You don’t hear much about Africa during the global debate over climate change policy The world’s big greenhouse gas emitters– China, the U.S., Europe, Russia and India—get most of the attention, for obvious reasons. But Africans may already have begun to suffer the impacts of climate change: Some people including Jared Diamond and UN chief Ban-Ki Moon say the war in Darfur is the world’s first climate-related conflict. So Africans would be beneficiaries of a new emphasis on finding money – payments from the developed world to the global south – for adaptation to climate change. What’s more, Africa has an opportunity to benefit from an expansion of carbon offset projects. One of the most exciting areas in carbon finance is the potential to alleviate poverty while trying to mitigate global warming.
I had a chance to listen to two prominent African environmentalists during this week’s UN climate conference in Poznan. Wangari Matthai is the 2004 Nobel Laureate, the first woman in East Africa to earn a doctorate degree (an amazing and disheartening fact, no?) and founder of the Green Belt Movement, an NGO that has planted billions of trees and taught rural Africans to stand up for their human rights. Sindiso Ngwenya, who is the secretary general of as association of 19 eastern and southern African nations called Comesa, spoke about the launch of a project called the Africa Climate Solution, which is designed to compensate Africans for taking care of their land in ways that mitigate climate change.
As with most things related to climate-change policy, the details can get mind-numbing in a hurry. But the two key opportunities for African nations come under the umbrellas of mitigation and adaption.
Re mitigation: There’s a ongoing debate among the parties to whatever will succeed the Kyoto protocol about how to reward both afforestation (a fancy word for planting new trees) and avoided deforestation (stopping the destruction of forests). Right now, neither afforestation or deforestation is financed under the Kyoto protocol. Interestingly, companies including Dell, Marriott and Fiji Water, working with the nonprofit Conservation International, are developing forest preservation projects in Madagascar, Brazil and Fiji on a voluntary basis.
Matthai and Ngwenya would also like to see “sustainable land management, including sustainable agriculture” including as a legal offset under any new global treaty. This would provide subsidies to African farmers to the degree that they embrace sustainable practices that they otherwise would not—not an easy thing to measure or monitor, but so it goes. Indeed, it’s conceivable that even small landholders could be paid for the carbon value of planting 10 or 15 trees on their property. That’s a twofer, dealing with poverty and climate change together.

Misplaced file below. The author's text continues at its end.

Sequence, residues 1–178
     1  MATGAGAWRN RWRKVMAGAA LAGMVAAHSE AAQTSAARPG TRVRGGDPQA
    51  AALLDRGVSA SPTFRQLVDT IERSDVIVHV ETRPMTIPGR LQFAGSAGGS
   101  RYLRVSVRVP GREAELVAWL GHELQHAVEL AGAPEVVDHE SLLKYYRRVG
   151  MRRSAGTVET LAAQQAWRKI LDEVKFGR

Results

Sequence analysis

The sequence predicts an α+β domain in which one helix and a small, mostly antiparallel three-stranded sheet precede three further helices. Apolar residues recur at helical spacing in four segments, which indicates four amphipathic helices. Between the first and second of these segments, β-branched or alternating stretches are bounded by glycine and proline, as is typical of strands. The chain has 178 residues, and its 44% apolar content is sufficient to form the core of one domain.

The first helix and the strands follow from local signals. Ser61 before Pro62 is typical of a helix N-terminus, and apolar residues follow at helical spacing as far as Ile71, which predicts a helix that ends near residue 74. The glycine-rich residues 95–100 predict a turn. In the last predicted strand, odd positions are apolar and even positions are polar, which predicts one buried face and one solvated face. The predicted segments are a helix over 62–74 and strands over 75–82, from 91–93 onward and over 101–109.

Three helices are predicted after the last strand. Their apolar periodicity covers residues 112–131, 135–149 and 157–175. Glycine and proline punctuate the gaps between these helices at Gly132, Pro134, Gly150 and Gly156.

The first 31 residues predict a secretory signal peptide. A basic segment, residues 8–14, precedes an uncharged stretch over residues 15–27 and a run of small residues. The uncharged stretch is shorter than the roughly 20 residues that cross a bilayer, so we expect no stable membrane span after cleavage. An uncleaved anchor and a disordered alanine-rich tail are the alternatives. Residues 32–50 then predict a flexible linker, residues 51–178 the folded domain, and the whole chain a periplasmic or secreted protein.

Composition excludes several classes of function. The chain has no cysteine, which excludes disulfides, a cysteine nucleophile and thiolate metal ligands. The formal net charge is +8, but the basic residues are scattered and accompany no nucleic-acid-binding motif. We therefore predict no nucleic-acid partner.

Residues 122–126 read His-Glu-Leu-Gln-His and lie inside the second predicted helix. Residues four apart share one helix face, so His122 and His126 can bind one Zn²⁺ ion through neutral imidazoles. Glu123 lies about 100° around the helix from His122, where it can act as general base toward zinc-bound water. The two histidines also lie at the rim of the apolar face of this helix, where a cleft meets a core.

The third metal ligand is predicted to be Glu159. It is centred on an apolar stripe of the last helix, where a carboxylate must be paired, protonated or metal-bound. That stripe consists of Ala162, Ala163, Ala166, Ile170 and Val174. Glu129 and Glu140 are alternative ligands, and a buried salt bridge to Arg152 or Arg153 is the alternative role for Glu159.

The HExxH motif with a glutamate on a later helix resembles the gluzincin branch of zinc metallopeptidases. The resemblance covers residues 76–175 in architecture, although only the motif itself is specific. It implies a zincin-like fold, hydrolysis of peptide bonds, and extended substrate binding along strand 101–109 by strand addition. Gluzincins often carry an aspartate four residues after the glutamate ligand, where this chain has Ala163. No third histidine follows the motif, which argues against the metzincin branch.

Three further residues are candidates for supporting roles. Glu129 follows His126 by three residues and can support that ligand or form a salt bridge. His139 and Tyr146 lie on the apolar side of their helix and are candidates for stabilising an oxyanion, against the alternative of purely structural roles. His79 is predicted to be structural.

Re adaptation; This is a big, emerging issue. It was a bit of a verboten topic among environmentalists for a while—they wanted to argue that it is impossible to “adapt” to climate change—but it’s now very much on the table. (I’ll come back to it another day.) The news out of Poznan is that poor countries may have access to a fund of as much as $900 million to adapt to climate change. Yvo de Boer, the UN’s climate chief, told reporters this week, “I expect and hope that we will see the launch of the adaptation fund.” As Bloomberg news explains:
The adaptation fund draws its income from the UN’s Clean Development Mechanism. The CDM allows countries with binding greenhouse-gas emissions limits to meet their targets by investing in clean-energy projects in developing countries. Those projects generate so-called carbon credits, tradable permits that each represent a ton of carbon dioxide. Two percent of the credits are given to the adaptation fund.
Yes, it’s a murky business. Think about it; How will the people whose job it is to dole out that money decide whether it is being used to adapt to climate change? How do you measure something so uncertain?
But even the Bush administration supports an adaptation fund, saying that it is not only a moral imperative to help those whose livelihoods are threatened or destroyed by climate change but also a strategic one, to prevent failed states and instability in the global south.
Regions damaged by climate-related deforestation or a tsunami need help rebuilding, Paula Dobriansky, the under secretary of state for democracy and global affairs, told me in Poznan. “Adaptation is going to be necessary,” she said.
That’s the grim reality we’re facing.